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Alberto IncisaProduct and Growth at June

10 May 22

Product Positioning Guide: Tactics & Strategies to Employ

Perception is reality. Or at least, that’s the case when it comes to how prospective customers think about your products. If your target market thinks your products are less-than-stellar, it won’t matter how much time you’ve spent on R&D. Their negative perception will be your unfortunate reality.

That’s why product positioning is such an important part of your business’s overall strategy. Whether you’re about to launch your first product or run an enterprise organization that offers multiple lines, a product positioning strategy can help you ensure your efforts hit the bullseye.

But, you may be wondering, what is product positioning? Why is it important? And does it only matter for traditional businesses or SaaS businesses as well?
We’ll answer all those questions and more – and we’ll even throw in a few thoughts about how June can help you position your products more effectively – in this brief product positioning guide.

What is Product Positioning?

To put it as succinctly as possible, product positioning is determining where your product fits in the overall marketplace. Unless you’ve got a truly revolutionary product on your hands, your product will likely face plenty of competition.

So, how do businesses stand out from among the crowd? They position their products in such a way that their unique features are evident to the people who will appreciate them the most. Then, they capitalize on that connection. It’s the power of finding a product’s niche and marketing it accordingly.

In the very early-stages of a company, cash-strapped founders might have to do some guesswork to figure out how to effectively position themselves in the market. However, once you have enough paying customers, product positioning must rely on effective data-driven analysis in order to succeed.

In other words, your product positioning must be informed by:

Otherwise, you might just as well be throwing darts in the dark. We’ll provide a list of tactics later in the article.

Here’s an example from us:

Our messaging is simple, clear, and to the point. June is a product analytics platform for B2B SaaS companies that want to get actionable insights around how customers use a SaaS’s features. We specifically cater to the following customer segments which appear in the hero text: product owners/managers, product marketers, developers and SaaS founders.

As that is the foundation of our messaging, our Use cases and Templates pages elaborate on that fact, both of which show how simple and useful our reporting templates are. Our Blog also predominantly tackles topics around product analytics.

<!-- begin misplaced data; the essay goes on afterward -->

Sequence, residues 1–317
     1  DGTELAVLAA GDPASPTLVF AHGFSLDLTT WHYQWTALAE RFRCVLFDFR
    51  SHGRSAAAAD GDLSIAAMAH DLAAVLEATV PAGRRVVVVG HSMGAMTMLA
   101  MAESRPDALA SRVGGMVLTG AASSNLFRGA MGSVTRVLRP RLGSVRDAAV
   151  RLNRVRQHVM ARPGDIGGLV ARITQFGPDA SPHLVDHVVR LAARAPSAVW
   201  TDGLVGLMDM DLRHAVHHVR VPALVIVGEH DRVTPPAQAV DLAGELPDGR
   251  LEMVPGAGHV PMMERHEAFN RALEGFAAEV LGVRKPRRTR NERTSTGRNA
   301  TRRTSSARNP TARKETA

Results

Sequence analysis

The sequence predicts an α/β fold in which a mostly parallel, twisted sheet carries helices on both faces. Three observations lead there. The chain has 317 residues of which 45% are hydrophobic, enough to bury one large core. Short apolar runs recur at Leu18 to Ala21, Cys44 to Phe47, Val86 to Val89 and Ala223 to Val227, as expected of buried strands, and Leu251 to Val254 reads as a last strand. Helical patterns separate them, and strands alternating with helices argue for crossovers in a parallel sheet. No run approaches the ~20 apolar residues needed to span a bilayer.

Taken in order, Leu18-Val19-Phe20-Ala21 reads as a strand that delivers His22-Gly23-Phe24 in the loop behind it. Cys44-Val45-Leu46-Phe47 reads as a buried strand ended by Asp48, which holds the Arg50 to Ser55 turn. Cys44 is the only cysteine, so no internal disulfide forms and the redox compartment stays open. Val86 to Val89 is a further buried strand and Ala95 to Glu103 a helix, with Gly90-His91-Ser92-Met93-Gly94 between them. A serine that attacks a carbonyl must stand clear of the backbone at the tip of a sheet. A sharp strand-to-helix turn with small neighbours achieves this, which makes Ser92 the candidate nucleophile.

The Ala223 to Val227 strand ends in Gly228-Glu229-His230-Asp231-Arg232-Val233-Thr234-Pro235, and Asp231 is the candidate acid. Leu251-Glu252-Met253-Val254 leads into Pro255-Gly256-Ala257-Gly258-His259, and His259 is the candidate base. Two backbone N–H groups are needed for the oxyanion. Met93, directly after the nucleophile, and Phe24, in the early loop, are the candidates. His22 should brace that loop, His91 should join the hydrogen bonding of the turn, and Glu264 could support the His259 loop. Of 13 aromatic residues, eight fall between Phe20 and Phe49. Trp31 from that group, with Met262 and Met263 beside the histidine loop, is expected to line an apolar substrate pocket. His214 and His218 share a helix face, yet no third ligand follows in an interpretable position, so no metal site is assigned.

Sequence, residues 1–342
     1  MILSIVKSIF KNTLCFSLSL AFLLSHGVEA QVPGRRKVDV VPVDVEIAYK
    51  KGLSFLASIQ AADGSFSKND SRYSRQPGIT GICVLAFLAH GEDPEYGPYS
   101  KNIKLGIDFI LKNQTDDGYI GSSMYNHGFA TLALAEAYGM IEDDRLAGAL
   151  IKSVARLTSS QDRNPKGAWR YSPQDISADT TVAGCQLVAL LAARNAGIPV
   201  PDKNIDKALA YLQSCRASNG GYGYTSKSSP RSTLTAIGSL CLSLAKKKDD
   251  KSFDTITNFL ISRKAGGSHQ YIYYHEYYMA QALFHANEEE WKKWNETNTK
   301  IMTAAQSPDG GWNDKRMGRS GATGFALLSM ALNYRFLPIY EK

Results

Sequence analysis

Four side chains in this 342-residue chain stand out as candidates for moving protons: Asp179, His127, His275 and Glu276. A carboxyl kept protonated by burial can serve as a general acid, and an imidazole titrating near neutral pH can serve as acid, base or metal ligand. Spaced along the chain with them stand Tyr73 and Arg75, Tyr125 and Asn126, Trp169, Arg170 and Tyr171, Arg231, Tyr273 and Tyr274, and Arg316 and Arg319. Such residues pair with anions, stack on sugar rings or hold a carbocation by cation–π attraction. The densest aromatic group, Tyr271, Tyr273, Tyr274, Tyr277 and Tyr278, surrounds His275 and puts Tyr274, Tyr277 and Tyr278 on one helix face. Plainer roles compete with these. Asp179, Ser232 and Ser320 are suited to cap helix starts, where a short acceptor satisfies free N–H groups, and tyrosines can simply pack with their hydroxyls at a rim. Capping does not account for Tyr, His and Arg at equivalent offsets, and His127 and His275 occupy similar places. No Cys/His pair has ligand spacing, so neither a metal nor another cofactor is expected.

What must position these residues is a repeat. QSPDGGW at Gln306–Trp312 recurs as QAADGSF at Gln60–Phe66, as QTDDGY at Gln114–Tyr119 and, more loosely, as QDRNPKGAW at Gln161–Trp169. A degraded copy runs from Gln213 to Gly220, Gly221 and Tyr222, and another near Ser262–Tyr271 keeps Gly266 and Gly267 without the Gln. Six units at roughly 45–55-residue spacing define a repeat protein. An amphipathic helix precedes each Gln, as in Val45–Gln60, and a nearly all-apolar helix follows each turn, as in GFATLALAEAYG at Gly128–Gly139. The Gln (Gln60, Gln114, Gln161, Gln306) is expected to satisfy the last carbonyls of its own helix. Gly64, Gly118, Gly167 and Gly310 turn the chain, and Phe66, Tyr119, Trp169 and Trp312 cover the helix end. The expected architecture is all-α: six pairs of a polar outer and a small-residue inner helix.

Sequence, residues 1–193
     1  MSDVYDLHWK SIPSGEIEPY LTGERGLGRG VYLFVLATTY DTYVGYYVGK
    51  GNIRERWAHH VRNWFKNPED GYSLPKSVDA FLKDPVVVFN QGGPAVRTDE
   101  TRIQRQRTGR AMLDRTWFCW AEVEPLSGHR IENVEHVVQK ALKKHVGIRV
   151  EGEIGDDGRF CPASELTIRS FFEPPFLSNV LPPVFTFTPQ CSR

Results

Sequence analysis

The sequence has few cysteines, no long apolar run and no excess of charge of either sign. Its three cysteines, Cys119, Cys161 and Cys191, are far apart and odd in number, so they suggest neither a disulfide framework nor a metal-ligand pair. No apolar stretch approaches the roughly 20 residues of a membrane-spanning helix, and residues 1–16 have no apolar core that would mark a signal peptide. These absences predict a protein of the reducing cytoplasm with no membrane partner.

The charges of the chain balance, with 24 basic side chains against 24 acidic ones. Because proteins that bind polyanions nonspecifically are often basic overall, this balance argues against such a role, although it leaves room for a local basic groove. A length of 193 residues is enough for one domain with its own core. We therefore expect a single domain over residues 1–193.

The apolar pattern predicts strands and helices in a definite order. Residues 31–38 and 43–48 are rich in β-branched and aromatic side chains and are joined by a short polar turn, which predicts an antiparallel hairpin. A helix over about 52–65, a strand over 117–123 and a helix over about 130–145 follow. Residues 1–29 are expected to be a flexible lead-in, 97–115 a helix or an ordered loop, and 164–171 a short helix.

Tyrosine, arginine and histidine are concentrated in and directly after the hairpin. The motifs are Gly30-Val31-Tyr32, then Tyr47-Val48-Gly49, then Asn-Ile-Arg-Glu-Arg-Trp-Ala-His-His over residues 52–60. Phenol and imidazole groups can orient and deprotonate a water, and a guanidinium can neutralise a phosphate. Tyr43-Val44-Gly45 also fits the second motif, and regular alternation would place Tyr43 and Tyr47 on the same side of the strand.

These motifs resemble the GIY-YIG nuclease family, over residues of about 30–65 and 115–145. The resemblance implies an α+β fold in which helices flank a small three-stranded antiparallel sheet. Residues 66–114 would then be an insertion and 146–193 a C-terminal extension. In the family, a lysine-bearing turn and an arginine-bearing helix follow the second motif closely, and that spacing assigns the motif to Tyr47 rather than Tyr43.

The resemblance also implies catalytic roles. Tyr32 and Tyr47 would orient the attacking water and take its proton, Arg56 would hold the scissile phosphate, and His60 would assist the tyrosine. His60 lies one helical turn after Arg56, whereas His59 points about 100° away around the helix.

From your marketing assets to your cold outreach templates, everything flows out of your product positioning statement.

Product positioning will affect every aspect of your product and how it’s presented to the world, from how it appears on your website to how your sales reps communicate with your customers. And it’s not just for products that have already been created.

All this talk of target markets and niches may leave you with an important question - “Does having a product positioning strategy imply my product can only have one target market?”

Of course not! Your product may appeal to a variety of demographics. But if it does, you’ll need to find out why and remember that it occupies more than one position in the market depending on who’s buying it. This will help you make the most of your marketing strategies by tailoring your approach to the person who needs your product’s help.

Why is Product Positioning Important?

In a nutshell, product positioning can help you scale growth by:

  • Identifying the people who need your product the most
  • Recognizing the pain points that could drive them to choose you over the competition
  • Developing messages that meet them where they are

Here’s an example of an online product that has nailed their positioning. After implementing the right onboarding flow and correct positioning of their CMS platform, Ghost was able to increase their conversions by 1000% without changing their acquisition channels.

The Elements of a Product Positioning Strategy

Now that you understand what it is and have a grasp on why it’s important, let’s take a look at a few core components of every product positioning strategy. These elements should guide your thinking every step of the way.

Your Product’s Mission

If you haven’t clarified your product’s mission, stop everything and get to it. Products need purpose. And not just for marketing, but for every aspect of their development and release. By keeping your product’s mission front-and-center, you’ll be more likely to have a product that’s helpful, valuable, and connects with customers.

Drift, a B2B company that offers SaaS solutions for businesses of every size, is a great example of this. They’re dedicated to offering what they term ‘conversational marketing.’ It’s a concept that encompasses chatbots, e-mail management, and much more. And it’s the core of their mission.